War, as said by Carl von Clausewitz (1780-1831), a Prussian general and military theorist, is ‘the continuation of politics by other means.’ This is just one of the many definitions for war. Defining a person’s definition of war often expresses the person’s broader political philosophy. This position is also important for one’s view on the origins of war. Building a world without wars has been one of the greatest human ideals throughout history, but unfortunately has never been accomplished.
Last July, Pope Francis used the hundredth anniversary of World War I to exhort his listeners to abolish war. Catholic teaching says that warfare is a cruel and violent practice that the world can and should find ways to do without. The church still deems military action to be permissible in certain narrow circumstances, while simultaneously urging people to work for a world in which war is unnecessary. Church teaching is therefore not pacifist, but abolitionist. Many theories share the same vision that there is a world possible without war. One of the schools within the theories of evolutionary origins of welfare sees organized warfare as emerging in or after the Mesolithic era, a period in the development of human technology between the Paleolithic and Neolithic periods of the Stone Age, as a result of complex social organization and greater population density and competition over resources. Ashley Montagu, a British-American anthropologist, argues that social factors and childhood socialization are important in determining the nature and presence of warfare. It is thus not a universal instinctual occurrence. Another anthropologist, Bobbi Low, observed the correlation between warfare and education, and noted that societies where warfare is commonplace encourage their children to be more aggressive. In the economic theory of warfare, war can be seen as a growth of economic competition in a competitive international system. Many world leaders, including a number of United States presidents and prominent generals, expressed support for this view of war and linked war to economic development, studying state-building and fiscal capacity.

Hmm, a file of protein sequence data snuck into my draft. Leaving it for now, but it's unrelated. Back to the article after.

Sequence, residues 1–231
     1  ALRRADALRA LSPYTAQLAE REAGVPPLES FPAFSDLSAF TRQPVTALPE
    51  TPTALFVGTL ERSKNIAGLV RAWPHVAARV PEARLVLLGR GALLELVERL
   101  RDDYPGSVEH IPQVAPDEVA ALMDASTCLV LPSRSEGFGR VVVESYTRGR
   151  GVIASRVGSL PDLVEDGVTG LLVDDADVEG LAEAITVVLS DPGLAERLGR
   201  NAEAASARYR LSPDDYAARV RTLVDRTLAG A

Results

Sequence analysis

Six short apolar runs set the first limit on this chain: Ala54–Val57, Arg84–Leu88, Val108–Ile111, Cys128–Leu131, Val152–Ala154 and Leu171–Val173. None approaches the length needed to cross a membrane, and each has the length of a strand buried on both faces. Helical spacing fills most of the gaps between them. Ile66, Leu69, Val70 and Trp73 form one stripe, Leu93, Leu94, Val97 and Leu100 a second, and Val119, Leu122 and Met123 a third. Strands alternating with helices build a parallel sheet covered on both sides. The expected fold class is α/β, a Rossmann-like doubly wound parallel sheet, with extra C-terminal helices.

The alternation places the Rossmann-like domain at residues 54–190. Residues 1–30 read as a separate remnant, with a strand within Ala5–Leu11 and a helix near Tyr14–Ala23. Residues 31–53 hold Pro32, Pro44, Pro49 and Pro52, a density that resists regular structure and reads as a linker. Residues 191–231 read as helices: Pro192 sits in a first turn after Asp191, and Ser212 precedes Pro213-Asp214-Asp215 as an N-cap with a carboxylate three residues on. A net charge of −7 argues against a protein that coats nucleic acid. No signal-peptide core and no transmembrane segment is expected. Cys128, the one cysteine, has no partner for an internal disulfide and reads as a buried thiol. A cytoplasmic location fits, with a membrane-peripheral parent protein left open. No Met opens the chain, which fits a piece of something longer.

However, several theories concern human warfare as a practice derived from common animal tendencies, such as territoriality and sexual competition. This school is more concerned with looking at the psychoanalytic psychology behind war. Joost Meerlo, a Dutch psychoanalyst, asserts that war is a mass discharge of accumulated internal rage and the inner fears of mankind are discharged in mass destruction. This means war can be a means by which one’s own frustration is projected and relieved via his unleashing of destructive behavior upon others and he argued that violent behavior is inherently. Many people consider calls to abolish war utopian and dangerous. It is not hard to see war as an unavoidable part of the human condition. Even Albert Einstein said: ‘So long as there are men, there will be wars’. War seems necessary, not only to protect the innocent people, but also to uphold a just and peaceful order in the face of those who would be willing to use war for unjust ends.
The origin of war will remain a contested concept. However, humans have made it possible before to abolish a longstanding and widespread violent practice that was once accepted as natural and necessary: slavery. Like war, slavery appeared about twelve thousand years ago and quickly spread to every major society and region of the world. It was simply socially accepted and its defenders considered it essential to the natural racial order that protected the superior peoples from the savagery of inferior ones. Slavery gradually disappeared as social attitudes shifted, and political actors suppressed them. New institutions arose as alternatives. Taking into account this argument, it is important to reflect on the Catholic teaching resulting from the Second Vatican Council, which emphasizes that progress does not require perfection. The reality of sin in the world and the strife in it brings does not prevent constructing, in the words of Gaudium et spes of the Second Vatican Council : ‘a world more genuinely human.’